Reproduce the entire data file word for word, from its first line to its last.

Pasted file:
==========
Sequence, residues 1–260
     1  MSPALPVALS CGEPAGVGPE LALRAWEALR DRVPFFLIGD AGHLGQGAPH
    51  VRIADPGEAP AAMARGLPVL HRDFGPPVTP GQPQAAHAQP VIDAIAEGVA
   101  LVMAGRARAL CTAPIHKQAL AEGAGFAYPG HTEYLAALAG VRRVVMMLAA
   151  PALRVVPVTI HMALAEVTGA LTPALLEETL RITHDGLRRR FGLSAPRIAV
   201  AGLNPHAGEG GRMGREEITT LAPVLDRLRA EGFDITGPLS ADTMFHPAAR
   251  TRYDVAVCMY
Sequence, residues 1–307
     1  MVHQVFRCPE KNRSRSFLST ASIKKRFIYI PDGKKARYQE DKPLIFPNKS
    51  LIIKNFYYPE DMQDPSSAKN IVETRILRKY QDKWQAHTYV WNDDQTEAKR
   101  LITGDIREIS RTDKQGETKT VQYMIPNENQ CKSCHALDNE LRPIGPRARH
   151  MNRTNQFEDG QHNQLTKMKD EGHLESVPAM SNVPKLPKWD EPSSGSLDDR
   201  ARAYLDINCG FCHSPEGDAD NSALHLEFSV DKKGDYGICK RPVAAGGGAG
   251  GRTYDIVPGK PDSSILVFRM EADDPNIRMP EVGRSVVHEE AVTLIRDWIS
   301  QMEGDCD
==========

Sequence, residues 1–260
     1  MSPALPVALS CGEPAGVGPE LALRAWEALR DRVPFFLIGD AGHLGQGAPH
    51  VRIADPGEAP AAMARGLPVL HRDFGPPVTP GQPQAAHAQP VIDAIAEGVA
   101  LVMAGRARAL CTAPIHKQAL AEGAGFAYPG HTEYLAALAG VRRVVMMLAA
   151  PALRVVPVTI HMALAEVTGA LTPALLEETL RITHDGLRRR FGLSAPRIAV
   201  AGLNPHAGEG GRMGREEITT LAPVLDRLRA EGFDITGPLS ADTMFHPAAR
   251  TRYDVAVCMY
Sequence, residues 1–307
     1  MVHQVFRCPE KNRSRSFLST ASIKKRFIYI PDGKKARYQE DKPLIFPNKS
    51  LIIKNFYYPE DMQDPSSAKN IVETRILRKY QDKWQAHTYV WNDDQTEAKR
   101  LITGDIREIS RTDKQGETKT VQYMIPNENQ CKSCHALDNE LRPIGPRARH
   151  MNRTNQFEDG QHNQLTKMKD EGHLESVPAM SNVPKLPKWD EPSSGSLDDR
   201  ARAYLDINCG FCHSPEGDAD NSALHLEFSV DKKGDYGICK RPVAAGGGAG
   251  GRTYDIVPGK PDSSILVFRM EADDPNIRMP EVGRSVVHEE AVTLIRDWIS
   301  QMEGDCD